- Keywords in the URL string seem, perplexingly, to be a stronger signal on these types of pages and queries than I’m accustomed to. I haven’t invested in real research around a correlation study on this, but looking through hundreds of results, my sense is that writing good URLs that are keyword rich matters. That doesn’t mean something like: site.com/san-diego/san-diego-restaurants/san-diego-kid-friendly-restaurants - in fact, I suspect many searchers are starting to learn that URLs like those often don’t have what they want. But I would, for example, recommend at least: site.com/san-diego/restaurants/kid-friendly
- Another tough one to prove, but my instincts have been telling me that topic relevance matters quite a bit here too. The free LDA tool isn’t perfect, but it’s the best thing I know of in the SEO world to help evaluate a piece of content’s relevance to a query. You can and should, of course, also use your intuition.
Be careful not to get too addicted to a template approach, particularly if your template isn’t a robust platform for nailing the user intents described above. It can be good to vary keyword usage based on demand – for example, some cities might have more searchers using “Seattle Men’s Suits” while others use “Mens Suits San Diego.” Do the research and the testing before you commit – and be ready to change if the data shifts.
Link building in general is tough – in the local space, particularly when you need dozens of hundreds of links to hundreds or thousands of pages, it’s nightmarishly challenging. But, that’s what makes SEO a true competitive advantage (vs. PPC, for example).
The tactics I’ve seen work best for those scaling out local pages include:
- Being a listing resource that promotes other sites/businesses and, in return, earns links from those sites thanks to the cognitive principle of reciprocity (and a desire to share one’s accomplishments). Yelp‘s badges are a perfect example of this in action:Offer graphics or embeds that local businesses can use to promote themselves and you’ll see plenty of links (so long as your site/brand has a reputation that impresses the business owners).
- Syndicating content with other relevant local content providers can earn lots of links to a wide range of your pages. The only weakness is that the diversity of sources is low, but if you can form a number of partnerships with big players, this can be overcome. Perhaps no one has had more success with this strategy than Trulia, whose link partnerships with newspapers and news sites across the country (powering their real estate sections) has meant rankings domination for the better part of 4 years. Sites like Superpages.com and Citysearch.com take advantage of this as well by “powering” the listings on may partner sites and earning links back in return.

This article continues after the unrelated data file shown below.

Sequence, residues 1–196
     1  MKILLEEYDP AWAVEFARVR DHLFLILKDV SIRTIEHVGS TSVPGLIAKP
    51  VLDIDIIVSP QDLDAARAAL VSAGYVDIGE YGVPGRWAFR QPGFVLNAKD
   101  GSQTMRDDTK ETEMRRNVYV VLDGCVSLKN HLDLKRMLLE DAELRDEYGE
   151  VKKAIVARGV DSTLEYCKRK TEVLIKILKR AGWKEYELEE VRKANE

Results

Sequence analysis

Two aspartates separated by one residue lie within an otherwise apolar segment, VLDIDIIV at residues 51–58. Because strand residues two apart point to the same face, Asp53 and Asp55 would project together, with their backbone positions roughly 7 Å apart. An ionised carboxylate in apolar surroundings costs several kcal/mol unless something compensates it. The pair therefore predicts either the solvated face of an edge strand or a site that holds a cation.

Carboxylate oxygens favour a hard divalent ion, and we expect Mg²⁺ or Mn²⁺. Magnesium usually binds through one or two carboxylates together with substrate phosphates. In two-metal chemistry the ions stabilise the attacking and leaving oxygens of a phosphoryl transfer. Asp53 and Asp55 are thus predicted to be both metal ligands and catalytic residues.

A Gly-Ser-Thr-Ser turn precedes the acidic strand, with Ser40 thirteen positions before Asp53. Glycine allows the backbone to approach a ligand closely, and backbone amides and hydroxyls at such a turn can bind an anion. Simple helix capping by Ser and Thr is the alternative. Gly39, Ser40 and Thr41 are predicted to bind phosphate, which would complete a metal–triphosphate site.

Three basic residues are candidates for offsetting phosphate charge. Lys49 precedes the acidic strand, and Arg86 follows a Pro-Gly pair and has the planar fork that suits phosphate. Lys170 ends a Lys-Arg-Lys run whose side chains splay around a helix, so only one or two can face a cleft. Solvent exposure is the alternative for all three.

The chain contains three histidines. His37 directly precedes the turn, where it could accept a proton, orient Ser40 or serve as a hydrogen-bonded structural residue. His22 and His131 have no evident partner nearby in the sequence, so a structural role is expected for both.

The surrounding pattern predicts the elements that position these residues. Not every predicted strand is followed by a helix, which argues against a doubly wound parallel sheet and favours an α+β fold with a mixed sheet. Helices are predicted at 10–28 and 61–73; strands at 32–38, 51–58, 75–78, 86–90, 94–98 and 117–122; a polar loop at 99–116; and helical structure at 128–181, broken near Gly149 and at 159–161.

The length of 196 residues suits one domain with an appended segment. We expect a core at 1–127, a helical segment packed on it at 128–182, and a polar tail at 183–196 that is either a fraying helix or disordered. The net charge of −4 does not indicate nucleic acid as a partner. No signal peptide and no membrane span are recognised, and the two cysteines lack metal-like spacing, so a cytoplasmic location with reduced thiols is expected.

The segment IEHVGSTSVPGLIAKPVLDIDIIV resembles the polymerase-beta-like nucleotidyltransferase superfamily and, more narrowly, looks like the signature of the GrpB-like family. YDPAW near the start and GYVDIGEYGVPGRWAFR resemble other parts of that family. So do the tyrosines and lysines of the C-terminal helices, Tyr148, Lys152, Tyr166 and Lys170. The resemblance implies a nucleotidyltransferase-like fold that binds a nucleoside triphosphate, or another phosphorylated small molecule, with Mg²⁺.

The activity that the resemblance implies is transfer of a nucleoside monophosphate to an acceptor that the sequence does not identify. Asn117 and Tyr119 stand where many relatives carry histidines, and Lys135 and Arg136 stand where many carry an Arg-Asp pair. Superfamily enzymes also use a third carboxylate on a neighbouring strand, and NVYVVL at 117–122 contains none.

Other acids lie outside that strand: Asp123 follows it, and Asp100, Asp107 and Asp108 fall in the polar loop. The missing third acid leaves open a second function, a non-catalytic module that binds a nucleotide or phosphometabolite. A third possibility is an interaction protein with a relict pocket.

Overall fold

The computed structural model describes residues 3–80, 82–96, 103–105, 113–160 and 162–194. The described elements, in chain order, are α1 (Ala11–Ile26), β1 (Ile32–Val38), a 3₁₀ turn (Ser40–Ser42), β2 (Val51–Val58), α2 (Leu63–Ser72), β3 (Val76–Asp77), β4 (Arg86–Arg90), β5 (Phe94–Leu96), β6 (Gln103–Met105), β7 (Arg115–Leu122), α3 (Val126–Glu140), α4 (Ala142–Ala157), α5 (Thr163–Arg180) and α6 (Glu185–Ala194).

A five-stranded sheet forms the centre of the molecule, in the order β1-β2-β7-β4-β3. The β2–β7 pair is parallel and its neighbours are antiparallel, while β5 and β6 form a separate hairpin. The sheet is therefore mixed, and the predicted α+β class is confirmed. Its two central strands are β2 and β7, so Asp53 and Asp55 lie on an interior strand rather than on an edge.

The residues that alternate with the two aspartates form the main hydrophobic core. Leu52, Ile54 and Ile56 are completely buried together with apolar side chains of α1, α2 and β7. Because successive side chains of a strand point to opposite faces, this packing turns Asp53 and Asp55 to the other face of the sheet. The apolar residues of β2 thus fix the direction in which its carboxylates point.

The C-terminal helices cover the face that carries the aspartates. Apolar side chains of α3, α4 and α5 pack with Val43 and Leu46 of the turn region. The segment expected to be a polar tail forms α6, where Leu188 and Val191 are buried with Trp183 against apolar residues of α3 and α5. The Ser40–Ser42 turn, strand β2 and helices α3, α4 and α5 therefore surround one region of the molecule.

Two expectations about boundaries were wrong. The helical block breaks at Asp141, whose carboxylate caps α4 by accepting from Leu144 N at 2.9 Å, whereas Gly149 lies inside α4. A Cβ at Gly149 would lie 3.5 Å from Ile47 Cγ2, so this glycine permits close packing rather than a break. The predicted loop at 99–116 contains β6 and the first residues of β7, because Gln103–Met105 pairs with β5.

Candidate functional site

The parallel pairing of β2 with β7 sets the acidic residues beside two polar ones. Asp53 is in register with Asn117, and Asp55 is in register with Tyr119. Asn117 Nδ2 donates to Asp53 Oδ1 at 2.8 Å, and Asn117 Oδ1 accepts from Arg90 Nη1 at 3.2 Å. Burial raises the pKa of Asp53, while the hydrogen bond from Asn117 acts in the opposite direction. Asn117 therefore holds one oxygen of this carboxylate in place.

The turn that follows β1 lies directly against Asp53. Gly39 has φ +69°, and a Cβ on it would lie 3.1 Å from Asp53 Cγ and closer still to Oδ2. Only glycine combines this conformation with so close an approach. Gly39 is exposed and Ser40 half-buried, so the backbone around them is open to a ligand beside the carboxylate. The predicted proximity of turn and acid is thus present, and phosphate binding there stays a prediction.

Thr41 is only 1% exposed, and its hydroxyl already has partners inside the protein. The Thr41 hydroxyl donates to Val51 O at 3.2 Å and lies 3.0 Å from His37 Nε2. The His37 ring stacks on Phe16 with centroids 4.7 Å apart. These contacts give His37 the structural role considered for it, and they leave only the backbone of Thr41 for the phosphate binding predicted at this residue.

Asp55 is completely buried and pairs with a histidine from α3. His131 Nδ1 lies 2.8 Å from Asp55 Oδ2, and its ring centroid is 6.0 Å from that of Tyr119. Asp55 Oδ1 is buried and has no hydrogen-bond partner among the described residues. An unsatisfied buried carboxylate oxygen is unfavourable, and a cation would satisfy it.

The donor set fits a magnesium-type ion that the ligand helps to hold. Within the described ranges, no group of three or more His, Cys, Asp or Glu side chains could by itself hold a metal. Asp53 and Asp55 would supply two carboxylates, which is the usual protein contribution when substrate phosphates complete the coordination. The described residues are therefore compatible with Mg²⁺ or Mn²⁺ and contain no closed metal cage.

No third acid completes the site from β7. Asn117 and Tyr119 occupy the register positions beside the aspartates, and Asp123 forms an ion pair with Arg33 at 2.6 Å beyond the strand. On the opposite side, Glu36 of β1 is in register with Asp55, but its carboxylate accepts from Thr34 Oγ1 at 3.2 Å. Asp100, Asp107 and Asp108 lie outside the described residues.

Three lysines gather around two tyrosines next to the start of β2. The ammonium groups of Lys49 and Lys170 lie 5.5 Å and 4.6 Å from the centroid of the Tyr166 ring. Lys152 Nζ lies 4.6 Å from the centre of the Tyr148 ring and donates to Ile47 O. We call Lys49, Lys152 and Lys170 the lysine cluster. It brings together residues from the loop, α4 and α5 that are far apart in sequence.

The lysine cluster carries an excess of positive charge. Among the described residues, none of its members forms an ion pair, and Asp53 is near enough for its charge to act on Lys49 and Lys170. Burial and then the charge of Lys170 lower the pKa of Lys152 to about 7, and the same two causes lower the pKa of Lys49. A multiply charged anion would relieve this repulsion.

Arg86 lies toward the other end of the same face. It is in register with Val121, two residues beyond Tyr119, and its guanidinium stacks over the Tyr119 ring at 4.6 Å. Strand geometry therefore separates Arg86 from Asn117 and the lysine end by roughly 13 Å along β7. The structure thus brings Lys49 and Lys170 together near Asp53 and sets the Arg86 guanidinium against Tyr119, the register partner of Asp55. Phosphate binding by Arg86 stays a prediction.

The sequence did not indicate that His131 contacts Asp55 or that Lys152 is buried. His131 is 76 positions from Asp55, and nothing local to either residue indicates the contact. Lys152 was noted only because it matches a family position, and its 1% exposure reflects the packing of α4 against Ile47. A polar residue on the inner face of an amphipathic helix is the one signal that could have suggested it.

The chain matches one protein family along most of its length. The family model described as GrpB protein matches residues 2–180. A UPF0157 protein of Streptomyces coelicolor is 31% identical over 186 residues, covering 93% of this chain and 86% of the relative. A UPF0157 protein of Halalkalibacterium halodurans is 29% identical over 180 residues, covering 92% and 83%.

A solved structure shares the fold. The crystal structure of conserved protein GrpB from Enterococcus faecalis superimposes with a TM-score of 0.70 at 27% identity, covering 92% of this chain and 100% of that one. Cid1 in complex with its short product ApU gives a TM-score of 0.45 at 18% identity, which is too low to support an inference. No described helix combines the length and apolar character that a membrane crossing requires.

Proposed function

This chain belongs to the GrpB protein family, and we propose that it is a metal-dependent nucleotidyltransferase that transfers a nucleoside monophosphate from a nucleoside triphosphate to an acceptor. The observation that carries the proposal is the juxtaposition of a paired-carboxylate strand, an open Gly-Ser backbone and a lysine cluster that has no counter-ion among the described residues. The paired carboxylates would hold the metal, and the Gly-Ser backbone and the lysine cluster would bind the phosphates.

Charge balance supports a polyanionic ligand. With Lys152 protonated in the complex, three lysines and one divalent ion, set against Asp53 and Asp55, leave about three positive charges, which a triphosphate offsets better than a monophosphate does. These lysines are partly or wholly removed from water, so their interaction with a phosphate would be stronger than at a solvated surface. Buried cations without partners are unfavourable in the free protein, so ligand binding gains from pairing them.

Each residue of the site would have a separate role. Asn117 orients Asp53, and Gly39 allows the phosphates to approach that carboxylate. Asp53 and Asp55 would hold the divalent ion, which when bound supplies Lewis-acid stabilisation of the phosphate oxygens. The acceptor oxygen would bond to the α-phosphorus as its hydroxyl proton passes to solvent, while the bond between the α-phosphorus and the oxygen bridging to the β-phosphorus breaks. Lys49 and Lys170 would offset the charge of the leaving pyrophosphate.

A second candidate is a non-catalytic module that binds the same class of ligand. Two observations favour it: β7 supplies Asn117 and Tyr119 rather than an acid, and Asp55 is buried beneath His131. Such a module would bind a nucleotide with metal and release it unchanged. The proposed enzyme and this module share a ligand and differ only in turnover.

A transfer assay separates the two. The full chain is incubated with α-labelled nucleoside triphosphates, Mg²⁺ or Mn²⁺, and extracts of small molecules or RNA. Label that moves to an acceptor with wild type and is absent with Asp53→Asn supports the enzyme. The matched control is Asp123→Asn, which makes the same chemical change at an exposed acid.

- Participating in local community events and sponsoring in-person gatherings has long been a tactic we’ve recommended, but it works very nicely in the local keyword space because the links tend to come from local sites, feature cityname anchor text (or at least have that cityname plastered on the linking pages).
- Ingratiate yourself with local bloggers and reporters. Urbanspoon did this by promoting the posts and content of local food bloggers when they expanded to a new city. Techflash‘s expansions have been similarly successful because they reach out to the local tech, venture, startup and entrepreneur communities through coverage for their sites, blogs and events.
As always, there are a plethora of link building tactics that can work, limited only by your creativity and willingness to experiment.
Staying Ahead of “Hyperlocal” Competition
For larger sites going head to head with local niche sites in the rankings, what seems like a struggle can actually be an opportunity. Try reaching out to indirectly competitive top rankers to see if affiliate deals, advertising, sponsorships or other partnerships could work. Sometimes you may not be able to earn a link, but you can buy some of that super-relevant traffic that’s landing on someone else’s pages.
If there is a true head-to-head and you have the size/resources to pull it off, turning highly successful and rankings dominating sites into franchisees or buying them outright can make sense from a long-term business perspective. It can also be a great way to acquire “boots on the ground” if that’s part of what your model needs to succeed.
If none of these are available and you’re facing 3-4 keyword match domains that are out-linking, out content-building and out-optimizing you, you might consider “sneaking around” the competition. Instead of targeting the cityname, try individual neighborhoods, outlying secondary regions (e.g. Bellevue, Tacoma, Renton, Redmond and Everett instead of “Seattle”) or even states/counties. You can also approach the long tail demand in local by building more and better content around the topic, engaging with UGC and mining alternative sources for keyword data.
Learn from the Best
In a number of sectors, certain sites have had dramatic success over the years and maintained it. Looking at these domains and understanding their strategies is an excellent way to bolster your knowledge of how to play this competitive game. Some of the sites that have impressed me the most on this front include:
- Yelp & Urbanspoon in restaurants
- Trulia, Zillow & Yahoo! Real Estate in real estate
- Superpages in doctors and dentists
- Freelancedesigners for programmers
I’ll leave it to you to run the queries, see the success they’re having in local rankings and reverse engineer their strategy.
Looking forward as always to your thoughts, ideas and questions on this.